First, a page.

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ID Category Severity Type Date Submitted Last Update
0001408 [1003.1(2016/18)/Issue7+TC2] Shell and Utilities Editorial Enhancement Request 2020-09-30 20:48 2021-02-15 16:41
Reporter steffen View Status public  
Assigned To
Priority normal Resolution Accepted As Marked  
Status Resolved  
Name steffen
User Reference
Section Vol. 3: Shell and Utilities, mailx
Page Number 2952
Line Number 97836
Interp Status ---
Final Accepted Text Note: 0005237
Summary 0001408: mailx: add mta-bcc-ok internal variable
Description My mailx clone (will) document(s) it like this:

           (Boolean) In violation of RFC 5322 some MTAs do not remove ‘Bcc:’
           header lines from transported messages after having noted the
           respective receivers for addressing purposes. (The MTAs Exim and
           Courier for example require the command line option -t to enforce
           removal.) Setting this variable asserts that the MTA performs
Desired Action Adapt an internal variable mta-bcc-ok, default unset.
Tags tc3-2008
Attached Files

- Relationships

-  Notes
steffen (reporter)
2020-10-01 15:48

To reiterate what i said on the ML, i think this would be a sensible addition because POSIX mailx allows creation of Bcc: headers via the ~b and ~h command escapes as well as via the askbcc internal variable.
geoffclare (manager)
2020-10-02 13:59

I'm struggling to understand why any user would want to set this variable. What would they gain from it? Whatever benefit it is, it would need to be weighed against the risk of a Bcc not being stripped if the MTA is later changed (by a system administrator) to one that doesn't strip it. (Or do you expect them to check that the MTA hasn't changed every time they send an email with an embarrassing-if-leaked Bcc?)

As regards adding it to the standard, there is the problem of how would a user decide whether it is safe to set it. We would have to require that the system documentation provides enough information for users to be able to decide. And if the system has multiple MTAs available, the documentation would naturally provide the relevant info for each one, necessitating that the user somehow work out which MTA is installed (or if multiple MTAs are installed, which one mailx will use).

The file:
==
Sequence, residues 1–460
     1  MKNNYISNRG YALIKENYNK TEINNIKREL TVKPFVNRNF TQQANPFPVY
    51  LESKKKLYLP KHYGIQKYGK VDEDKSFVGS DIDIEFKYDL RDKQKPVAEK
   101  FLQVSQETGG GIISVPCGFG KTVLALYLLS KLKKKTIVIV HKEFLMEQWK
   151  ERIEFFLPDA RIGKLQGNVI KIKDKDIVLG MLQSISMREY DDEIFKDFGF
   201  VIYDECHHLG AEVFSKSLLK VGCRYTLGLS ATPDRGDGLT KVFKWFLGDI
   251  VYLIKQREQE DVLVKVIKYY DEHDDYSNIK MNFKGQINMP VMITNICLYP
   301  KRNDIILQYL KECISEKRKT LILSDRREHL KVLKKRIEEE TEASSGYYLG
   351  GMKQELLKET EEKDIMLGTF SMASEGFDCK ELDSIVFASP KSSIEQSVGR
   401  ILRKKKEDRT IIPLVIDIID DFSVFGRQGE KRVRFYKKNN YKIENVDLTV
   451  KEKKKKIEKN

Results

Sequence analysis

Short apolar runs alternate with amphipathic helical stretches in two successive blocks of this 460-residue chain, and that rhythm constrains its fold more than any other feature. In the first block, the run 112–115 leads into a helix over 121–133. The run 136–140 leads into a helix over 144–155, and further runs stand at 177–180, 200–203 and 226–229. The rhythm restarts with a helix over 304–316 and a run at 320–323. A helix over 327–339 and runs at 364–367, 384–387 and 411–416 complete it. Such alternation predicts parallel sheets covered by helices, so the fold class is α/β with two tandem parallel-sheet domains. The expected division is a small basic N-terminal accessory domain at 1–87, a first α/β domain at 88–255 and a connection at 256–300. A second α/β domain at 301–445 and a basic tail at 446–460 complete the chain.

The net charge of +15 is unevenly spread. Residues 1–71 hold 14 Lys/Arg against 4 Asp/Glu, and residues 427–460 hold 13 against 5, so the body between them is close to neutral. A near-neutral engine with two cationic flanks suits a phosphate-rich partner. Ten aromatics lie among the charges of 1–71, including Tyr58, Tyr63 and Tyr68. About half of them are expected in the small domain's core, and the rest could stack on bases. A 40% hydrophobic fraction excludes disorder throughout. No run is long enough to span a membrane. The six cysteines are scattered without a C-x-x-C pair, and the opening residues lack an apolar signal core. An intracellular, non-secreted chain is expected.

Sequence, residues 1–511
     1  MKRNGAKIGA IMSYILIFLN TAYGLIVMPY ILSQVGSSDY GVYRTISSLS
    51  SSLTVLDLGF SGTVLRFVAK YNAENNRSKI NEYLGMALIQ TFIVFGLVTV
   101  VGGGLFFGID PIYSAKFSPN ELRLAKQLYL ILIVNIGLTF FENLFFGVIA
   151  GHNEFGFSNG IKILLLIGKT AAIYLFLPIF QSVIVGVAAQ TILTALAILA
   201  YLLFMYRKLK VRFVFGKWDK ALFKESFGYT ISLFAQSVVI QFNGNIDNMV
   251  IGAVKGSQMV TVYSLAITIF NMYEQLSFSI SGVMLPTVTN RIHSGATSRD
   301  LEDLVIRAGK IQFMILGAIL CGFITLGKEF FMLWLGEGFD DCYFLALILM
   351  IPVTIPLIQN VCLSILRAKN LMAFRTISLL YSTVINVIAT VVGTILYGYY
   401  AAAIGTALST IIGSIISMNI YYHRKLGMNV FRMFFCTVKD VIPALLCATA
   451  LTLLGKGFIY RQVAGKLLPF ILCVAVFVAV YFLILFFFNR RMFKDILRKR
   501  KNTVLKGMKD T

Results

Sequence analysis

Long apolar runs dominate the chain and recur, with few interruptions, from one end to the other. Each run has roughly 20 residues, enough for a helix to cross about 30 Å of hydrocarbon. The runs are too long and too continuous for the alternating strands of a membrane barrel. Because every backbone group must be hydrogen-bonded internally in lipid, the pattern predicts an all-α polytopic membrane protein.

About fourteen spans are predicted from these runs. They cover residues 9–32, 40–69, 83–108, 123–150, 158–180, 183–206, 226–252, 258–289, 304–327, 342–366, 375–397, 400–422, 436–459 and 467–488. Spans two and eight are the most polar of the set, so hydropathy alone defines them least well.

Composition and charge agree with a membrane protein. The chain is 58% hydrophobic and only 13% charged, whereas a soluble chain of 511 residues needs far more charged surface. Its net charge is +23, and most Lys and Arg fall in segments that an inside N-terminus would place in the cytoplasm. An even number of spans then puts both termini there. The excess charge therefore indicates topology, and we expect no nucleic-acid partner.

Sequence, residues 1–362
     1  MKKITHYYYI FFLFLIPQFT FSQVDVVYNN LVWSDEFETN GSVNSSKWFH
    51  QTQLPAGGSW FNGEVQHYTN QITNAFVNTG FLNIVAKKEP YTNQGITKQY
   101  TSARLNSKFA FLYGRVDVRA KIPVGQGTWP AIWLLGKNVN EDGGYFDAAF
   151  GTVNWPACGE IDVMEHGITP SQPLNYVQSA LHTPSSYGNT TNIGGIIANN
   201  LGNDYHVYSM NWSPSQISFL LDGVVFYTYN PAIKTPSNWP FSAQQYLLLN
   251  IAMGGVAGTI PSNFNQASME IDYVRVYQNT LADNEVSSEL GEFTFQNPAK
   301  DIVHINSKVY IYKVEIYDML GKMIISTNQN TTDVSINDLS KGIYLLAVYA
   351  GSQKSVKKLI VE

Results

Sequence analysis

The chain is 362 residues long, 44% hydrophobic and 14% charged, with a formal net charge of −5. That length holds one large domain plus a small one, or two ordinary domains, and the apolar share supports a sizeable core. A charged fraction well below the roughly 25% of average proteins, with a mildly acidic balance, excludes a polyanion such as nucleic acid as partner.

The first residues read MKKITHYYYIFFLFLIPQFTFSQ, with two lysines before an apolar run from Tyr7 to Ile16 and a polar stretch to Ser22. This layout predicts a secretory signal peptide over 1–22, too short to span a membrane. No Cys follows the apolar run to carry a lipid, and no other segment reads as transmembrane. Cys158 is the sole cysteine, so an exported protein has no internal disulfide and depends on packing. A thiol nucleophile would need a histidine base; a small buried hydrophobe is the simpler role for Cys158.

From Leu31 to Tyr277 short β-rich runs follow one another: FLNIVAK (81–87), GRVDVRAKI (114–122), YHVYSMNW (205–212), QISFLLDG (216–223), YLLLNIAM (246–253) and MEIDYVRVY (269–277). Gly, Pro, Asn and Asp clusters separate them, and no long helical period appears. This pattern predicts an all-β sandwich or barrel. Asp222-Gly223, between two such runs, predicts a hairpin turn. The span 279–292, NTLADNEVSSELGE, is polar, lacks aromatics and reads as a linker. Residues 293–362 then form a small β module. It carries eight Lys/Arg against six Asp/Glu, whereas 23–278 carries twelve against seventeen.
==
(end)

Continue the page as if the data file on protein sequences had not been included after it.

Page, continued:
steffen (reporter)
2020-10-02 21:51

But .. first: as of today all mailx codebases known to me (that i looked into the last couple of years) except mine pass the readily prepared message through as-is. This potentially includes Bcc headers if they were generated.

  Remark: it is not only embarrassing-if-leaked, but many people of the free software world work for a very large free mail provider and due to the smartness of their system they easily "detected" that i have created multiple accounts a decade ago, and if suddenly the name of the one account happens to appear as a injection in visible headers of messages sent via another account, then this is not _only_ embarassing, but .. very funny! Heartbleed here.

Of course, "my" MUA has a complete "infrastructure" to allow users to specify the actually used MTA, and in this context the variable as such makes sense.
It would be nice if POSIX would support it, but like i said on the ML

  Important would be an equivalence to or some words about the
  *mta-bcc-ok* setting of my one, since POSIX mailx supports Bcc:
  via ~b, ~h and *askbcc*:

For completeness sake, we support a complete "infrastructure":

     mta Select an alternate Mail-Transfer-Agent by either specifying the
           full pathname of an executable (a ‘file://’ prefix may be given),
           or [Option]ally a SMTP aka SUBMISSION protocol URL:
...lots of text...

           Arguments to pass through to a file-based mta[473] (Mail-Transfer-
           Agent), parsed according to Shell-style argument quoting[23] into
           an array of arguments which will be joined onto MTA options from
           other sources, for example ‘? set mta-arguments='-t -X "/tmp/my

Even if POSIX would offer configuration of the actually used (file-based) MTA, this one here requires a (more or less) complete (and correct) shell-style parser, which is not an easy task.

           (Boolean) Avoids passing standard command line options to a file-
           based mta[473] (please see there).

           (Boolean) By default all receiver addresses will be passed as com‐
           mand line options to a file-based mta[473]. Setting this variable
           disables this behaviour to aid those MTAs which employ special
           treatment of such arguments. Doing so can make it necessary to
           pass a -t via mta-arguments[475], to testify the MTA that it should
           use the passed message as a template.

           Many systems use a so-called mailwrapper(8)[728] environment to
           ensure compatibility with sendmail(1)[729]. This works by inspect‐
           ing the name that was used to invoke the mail delivery system. If
           this variable is set then the mailwrapper (the program that is